© Copyright Abengoa
Abengoa 2G Ethanol Demo Plant in Salamanca
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Previously, Abengoa provided its proprietary process technology and the process engineering design for a BCyL Biomass Plant in Salamanca. Managed by Abengoa, the biomass plant was completed in December 2008 and has been fully operational since September 2009. It was the world’s first plant to utilize this technology on such a scale. It is located within the Biocarburantes de Castilla y León plant, meaning that both facilities share common services and process chains.
This plant has been used to improve the design of the commercial plants to be constructed over the coming years, assess operating costs, identify bottlenecks and streamline operations.
The plant capacity is 70 tpd of lignocellulosic, biomass such as wheat straw, and is able to produce over 5 MMl of fuel grade ethanol per year.
The production process involves:
- Preparation of biomass
- Thermochemical pretreatment
- Enzymatic Hydrolysis and fermentation with enzymes and yeast
- Distillation to produce ethanol and a solid co-product
Abengoa's demonstration plant was supported by the 5th Framework Programme.
Abengoa also heads the LED (Lignocellulosic Ethanol Demonstration) project funded by the European Commission and developed by a consortium of five companies from four different countries, with a plant in Arance, France.
In January 2012, Abengoa announced that its cellulosic ethanol technology would be used to produce ethanol from sugar cane cane straw and bagasse in Brazil, as part of the Industrial Innovation Program for the Sugar Energy Sector.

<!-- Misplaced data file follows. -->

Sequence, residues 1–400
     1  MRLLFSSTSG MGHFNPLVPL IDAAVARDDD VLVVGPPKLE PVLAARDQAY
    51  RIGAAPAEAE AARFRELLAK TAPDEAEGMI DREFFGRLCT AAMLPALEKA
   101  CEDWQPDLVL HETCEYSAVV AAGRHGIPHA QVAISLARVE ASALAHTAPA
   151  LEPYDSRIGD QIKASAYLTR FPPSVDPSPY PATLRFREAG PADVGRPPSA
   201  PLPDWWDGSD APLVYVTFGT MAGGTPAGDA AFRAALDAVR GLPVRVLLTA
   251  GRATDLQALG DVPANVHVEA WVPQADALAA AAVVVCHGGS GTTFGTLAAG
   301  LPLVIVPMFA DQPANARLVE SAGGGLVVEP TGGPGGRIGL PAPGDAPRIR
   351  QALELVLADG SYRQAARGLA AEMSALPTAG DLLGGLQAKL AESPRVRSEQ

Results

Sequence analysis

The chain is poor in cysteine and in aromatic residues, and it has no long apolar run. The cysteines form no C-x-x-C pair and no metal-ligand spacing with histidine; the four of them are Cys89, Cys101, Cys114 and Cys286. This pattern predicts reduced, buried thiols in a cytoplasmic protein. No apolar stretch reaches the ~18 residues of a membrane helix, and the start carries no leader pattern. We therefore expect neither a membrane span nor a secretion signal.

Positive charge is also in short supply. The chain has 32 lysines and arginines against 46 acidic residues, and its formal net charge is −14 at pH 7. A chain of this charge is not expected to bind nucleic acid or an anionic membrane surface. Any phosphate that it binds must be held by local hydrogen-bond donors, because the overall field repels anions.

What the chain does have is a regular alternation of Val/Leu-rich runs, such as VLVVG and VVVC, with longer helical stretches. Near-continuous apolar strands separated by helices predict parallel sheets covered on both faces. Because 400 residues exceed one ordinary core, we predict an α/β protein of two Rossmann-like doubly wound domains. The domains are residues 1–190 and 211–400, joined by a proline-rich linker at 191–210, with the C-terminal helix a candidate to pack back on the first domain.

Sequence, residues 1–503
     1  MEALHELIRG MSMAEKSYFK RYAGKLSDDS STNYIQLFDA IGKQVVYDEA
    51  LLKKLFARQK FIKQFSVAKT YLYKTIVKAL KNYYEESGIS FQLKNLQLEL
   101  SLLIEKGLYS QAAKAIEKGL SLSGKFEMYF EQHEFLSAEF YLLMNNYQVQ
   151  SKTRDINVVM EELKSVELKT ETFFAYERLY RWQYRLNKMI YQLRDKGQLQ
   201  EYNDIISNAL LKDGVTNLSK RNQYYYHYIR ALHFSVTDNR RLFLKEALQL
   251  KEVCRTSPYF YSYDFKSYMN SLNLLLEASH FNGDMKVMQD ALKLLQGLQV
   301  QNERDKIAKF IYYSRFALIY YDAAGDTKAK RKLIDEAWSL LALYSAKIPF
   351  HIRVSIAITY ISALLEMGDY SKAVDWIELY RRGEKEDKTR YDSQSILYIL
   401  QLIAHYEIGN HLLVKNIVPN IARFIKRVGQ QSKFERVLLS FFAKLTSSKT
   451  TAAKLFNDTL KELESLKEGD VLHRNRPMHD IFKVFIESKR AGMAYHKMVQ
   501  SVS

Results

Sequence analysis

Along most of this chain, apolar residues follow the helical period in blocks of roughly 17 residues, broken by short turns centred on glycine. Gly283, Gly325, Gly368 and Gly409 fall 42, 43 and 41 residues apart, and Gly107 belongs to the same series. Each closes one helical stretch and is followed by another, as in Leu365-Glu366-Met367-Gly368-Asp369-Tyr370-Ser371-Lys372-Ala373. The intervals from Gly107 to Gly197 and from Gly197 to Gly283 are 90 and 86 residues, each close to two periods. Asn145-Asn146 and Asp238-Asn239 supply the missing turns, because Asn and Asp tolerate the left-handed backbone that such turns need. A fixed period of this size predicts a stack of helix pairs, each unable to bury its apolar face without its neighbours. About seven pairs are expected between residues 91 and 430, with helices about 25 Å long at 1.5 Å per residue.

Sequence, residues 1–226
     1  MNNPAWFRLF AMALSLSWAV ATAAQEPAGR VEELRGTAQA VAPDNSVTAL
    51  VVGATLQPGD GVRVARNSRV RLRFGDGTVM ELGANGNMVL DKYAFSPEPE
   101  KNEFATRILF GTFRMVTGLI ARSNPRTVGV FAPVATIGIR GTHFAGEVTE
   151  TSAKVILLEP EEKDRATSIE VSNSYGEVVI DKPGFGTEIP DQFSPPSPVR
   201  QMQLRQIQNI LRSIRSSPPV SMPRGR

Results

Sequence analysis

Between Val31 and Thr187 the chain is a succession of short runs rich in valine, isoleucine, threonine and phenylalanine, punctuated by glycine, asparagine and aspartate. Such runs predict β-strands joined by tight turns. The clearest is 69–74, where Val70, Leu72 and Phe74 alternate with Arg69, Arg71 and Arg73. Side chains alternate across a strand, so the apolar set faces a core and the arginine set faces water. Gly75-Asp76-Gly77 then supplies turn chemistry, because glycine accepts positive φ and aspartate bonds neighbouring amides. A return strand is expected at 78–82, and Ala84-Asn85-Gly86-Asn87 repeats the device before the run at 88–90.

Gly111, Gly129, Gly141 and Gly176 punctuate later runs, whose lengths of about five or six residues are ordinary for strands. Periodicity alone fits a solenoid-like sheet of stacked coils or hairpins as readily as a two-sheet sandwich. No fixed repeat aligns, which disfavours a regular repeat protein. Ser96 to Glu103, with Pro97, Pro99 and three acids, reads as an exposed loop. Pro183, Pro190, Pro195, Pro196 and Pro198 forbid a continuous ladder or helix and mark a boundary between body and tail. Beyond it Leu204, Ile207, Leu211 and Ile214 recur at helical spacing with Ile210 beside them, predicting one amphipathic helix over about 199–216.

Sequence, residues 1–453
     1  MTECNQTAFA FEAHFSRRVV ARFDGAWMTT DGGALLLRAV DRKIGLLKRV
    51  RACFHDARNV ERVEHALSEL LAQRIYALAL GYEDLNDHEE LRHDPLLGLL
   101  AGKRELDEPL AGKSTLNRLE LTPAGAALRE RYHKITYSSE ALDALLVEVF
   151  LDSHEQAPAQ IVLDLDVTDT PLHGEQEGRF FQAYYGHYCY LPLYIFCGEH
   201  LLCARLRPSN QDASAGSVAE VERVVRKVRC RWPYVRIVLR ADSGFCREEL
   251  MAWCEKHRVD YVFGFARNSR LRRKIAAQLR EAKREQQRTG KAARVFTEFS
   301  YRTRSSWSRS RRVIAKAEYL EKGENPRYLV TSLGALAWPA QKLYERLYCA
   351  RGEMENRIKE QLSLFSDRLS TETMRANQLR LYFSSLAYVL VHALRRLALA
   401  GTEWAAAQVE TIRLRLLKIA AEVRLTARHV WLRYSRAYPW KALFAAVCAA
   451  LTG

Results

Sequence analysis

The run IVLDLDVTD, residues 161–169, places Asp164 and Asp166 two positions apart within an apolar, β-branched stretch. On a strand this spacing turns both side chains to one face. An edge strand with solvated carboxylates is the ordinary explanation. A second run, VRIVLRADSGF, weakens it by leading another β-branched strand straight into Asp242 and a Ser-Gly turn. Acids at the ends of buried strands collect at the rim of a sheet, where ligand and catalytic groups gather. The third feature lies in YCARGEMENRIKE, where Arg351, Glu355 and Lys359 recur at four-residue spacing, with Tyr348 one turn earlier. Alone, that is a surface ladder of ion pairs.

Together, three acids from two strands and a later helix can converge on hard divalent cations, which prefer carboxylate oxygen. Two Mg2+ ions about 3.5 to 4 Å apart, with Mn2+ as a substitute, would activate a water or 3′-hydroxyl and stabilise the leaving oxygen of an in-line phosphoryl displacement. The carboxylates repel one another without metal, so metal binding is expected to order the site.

DuPont cellulosic ethanol facility, Iowa, US and planned plant in China
In December 2014, construction of the DuPont Cellulosic Ethanol LLC plant in Nevada, Iowa was nearing completion. The plant will produce 30MMgy of cellulosic ethanol from 590000 bales of corn stover. Murex LLC will market the ethanol. See Commercializing Advanced Renewable Fuel in Iowa for facts and figures.
In July 2015, DuPont also announced an agreement with Jilin Province New Tianlong Industry Co. Ltd, China, to develop a plant to produce cellulosic ethanol in Siping City, using residues from corn production in Jilin Province. The Chinese company will license cellulosic ethanol technology from DuPont and will use DuPont's Accellerase enzymes.
INEOS Bio, Indian River BioEnergy Center, US
Following earlier technical issues, in September 2014 INEOS Bio announced that the Indian River BioEnergy Center was being brought back on-line. The BioEnergy Center is a joint venture commercial demonstration project between INEOS Bio and New Planet Energy. At full capacity, it will have an annual output of eight million gallons (24kta) of cellulosic ethanol and six megawatts (gross) of renewable power.